Although pleased by the Department of Environment, Forestry and Fisheries’ (DEFF’s) decision to refuse Karpowership environmental authorisations, an expert warned the decision can be appealed.
The surprising win for the planet was announced by DEFF on Thursday, after three of the project’s bidders were alleged to have provided misleading information on the potential environmental impact of the ships being docked at Conga, Saldanha Bay and Richards Bay.
Attorney Michele Koyama from the Centre for Environmental Rights (CER), one of the organisations that requested an investigation into and suspension of environmental impact assessments (EIAs), said the Karpowership project cannot go ahead without environmental authorisation.
She explained that when the Green Connection complained to DEFF about authorisation for Saldanha Bay, it had to do with a noise impact assessment not ever being conducted.
“Without the assessment the department was unable to assess the impact of the noise from Karpowerships on fish in the area and in turn the impact on small-scale fisheries and their livelihoods.”
After this, CER pointed out the same deficiencies were present in its call to investigate the Richards Bay and Ngqura (Coega) projects.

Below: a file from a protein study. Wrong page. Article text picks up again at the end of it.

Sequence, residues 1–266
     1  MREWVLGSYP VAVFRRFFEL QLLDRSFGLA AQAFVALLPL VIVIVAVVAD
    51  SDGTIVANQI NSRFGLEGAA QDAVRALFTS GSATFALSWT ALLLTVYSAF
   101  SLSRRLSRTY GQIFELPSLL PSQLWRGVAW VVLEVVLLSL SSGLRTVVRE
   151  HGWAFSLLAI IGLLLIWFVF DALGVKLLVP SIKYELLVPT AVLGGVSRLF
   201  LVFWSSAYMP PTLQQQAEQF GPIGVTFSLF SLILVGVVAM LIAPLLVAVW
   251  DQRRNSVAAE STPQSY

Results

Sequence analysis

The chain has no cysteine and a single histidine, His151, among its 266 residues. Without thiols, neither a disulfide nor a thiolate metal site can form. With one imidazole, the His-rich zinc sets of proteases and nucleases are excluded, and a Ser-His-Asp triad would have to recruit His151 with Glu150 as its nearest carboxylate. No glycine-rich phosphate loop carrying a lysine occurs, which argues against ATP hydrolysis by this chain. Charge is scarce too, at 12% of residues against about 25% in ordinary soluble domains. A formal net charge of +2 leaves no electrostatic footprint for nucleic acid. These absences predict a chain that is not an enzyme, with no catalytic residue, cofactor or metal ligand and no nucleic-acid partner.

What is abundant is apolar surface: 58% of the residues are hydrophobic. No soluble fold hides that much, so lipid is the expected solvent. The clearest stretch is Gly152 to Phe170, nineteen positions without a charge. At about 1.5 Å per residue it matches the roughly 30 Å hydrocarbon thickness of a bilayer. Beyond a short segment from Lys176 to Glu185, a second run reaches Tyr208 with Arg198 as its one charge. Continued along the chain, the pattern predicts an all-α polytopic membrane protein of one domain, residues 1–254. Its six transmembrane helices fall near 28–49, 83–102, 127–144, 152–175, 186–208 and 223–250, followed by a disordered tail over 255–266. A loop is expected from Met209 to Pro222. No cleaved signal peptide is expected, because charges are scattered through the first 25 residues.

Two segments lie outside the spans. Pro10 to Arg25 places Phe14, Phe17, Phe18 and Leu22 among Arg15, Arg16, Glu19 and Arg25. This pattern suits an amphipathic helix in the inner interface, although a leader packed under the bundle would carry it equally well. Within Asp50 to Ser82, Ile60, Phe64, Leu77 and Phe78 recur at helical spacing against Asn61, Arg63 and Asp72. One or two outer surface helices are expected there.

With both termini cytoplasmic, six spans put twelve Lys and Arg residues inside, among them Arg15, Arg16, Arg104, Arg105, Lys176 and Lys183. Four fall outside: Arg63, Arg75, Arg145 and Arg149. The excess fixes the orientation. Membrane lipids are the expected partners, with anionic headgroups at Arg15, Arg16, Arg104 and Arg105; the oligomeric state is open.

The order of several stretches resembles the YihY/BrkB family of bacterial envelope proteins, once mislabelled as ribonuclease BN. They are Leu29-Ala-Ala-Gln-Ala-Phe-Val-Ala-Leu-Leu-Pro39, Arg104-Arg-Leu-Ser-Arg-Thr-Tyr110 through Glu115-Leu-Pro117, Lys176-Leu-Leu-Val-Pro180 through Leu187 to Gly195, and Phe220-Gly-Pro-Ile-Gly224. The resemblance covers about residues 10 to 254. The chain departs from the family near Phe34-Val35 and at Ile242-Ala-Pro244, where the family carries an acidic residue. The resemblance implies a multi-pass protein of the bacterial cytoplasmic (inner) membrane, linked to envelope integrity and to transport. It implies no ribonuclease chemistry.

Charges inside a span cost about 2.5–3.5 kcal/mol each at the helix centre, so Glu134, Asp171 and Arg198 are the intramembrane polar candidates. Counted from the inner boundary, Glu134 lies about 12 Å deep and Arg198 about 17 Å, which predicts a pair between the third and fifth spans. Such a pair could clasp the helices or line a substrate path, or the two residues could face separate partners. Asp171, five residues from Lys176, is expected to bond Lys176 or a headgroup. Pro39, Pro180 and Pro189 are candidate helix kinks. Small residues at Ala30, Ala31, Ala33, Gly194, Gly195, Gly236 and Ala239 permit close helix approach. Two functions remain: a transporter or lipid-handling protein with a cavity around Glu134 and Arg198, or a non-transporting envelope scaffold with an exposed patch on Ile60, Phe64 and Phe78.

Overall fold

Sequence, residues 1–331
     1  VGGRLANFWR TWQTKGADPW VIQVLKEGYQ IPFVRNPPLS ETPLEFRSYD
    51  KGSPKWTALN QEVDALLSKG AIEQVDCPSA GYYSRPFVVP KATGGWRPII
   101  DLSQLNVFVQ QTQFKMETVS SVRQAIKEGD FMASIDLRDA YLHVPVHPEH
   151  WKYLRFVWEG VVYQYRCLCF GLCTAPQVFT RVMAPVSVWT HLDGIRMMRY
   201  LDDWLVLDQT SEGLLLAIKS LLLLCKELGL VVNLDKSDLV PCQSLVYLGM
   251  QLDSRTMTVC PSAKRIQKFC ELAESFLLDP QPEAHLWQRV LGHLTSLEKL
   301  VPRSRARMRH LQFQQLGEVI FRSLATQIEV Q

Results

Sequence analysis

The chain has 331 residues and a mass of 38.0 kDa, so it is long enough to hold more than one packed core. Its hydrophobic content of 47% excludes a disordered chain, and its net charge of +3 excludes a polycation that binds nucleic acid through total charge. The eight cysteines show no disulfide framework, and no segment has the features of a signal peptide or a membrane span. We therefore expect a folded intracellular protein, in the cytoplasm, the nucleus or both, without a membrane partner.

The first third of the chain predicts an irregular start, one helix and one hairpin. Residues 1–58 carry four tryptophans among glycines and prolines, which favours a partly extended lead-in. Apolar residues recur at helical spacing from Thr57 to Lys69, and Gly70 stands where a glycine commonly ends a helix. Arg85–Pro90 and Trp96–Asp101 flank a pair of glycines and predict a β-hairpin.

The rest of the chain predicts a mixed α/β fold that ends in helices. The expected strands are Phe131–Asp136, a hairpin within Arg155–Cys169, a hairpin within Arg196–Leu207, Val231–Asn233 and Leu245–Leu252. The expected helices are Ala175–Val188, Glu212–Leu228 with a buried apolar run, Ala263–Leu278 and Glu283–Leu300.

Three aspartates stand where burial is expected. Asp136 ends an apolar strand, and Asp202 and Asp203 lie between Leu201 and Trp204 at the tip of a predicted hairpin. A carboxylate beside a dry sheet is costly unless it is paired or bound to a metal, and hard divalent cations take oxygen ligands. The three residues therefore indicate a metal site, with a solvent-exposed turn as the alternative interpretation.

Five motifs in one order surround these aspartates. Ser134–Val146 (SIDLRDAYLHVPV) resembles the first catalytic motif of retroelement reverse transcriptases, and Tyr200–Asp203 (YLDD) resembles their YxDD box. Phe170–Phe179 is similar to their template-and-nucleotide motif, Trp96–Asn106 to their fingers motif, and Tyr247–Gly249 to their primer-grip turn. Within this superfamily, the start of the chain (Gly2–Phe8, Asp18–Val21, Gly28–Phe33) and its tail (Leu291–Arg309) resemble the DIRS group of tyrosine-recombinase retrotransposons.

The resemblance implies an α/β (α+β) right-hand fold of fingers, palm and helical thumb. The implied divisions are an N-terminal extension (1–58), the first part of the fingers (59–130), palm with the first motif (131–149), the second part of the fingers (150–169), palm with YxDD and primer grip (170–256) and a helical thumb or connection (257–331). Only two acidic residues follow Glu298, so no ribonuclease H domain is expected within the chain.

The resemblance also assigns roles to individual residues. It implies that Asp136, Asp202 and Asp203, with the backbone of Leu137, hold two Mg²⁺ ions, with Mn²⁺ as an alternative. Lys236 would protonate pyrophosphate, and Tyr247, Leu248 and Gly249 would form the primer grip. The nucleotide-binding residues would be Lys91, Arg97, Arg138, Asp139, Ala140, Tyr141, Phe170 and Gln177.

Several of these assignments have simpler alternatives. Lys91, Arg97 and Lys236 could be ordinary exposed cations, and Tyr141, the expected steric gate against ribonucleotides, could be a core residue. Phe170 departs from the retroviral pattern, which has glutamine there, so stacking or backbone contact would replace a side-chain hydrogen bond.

Koyama said Karpowership SA could appeal the DEFF’s decision, a concern echoed by Dr Roland Ngam, programme manager for climate justice and socioecological transformation at the Rosa Luxemburg Foundation.
Ngam said on Thursday that although the DEFF’s decision was a win for the environment, it definitely was not the end of the road for the Karpowerships project.
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“I am very certain they will try and come back. There will be lobbying… in the background now, with different levels of government to either do a different set of EIA studies, or to get people to come lobby and get their deal through. This is certainly not the end.”
What Koyama also found worrying was the fact that no potential environmental impacts of the ships had been assessed, reported or even understood, with “extensive gaps” found in reports, she said.
“This is in addition to the concerns about the climate impacts of these projects (burning fossil fuels for electricity), as well as impacts on marine ecosystems in the area and the livelihoods of the communities dependent on fishing.”
The deal made with Karpowership meant South Africa would have been locked into another toxic fossil fuel deal, as liquefied natural gas (LNG) is made of methane, a greenhouse gas 86 times more potent than carbon dioxide, Just Share executive director Tracey Davies and climate change engagement director Robyn Hugo told The Citizen in March.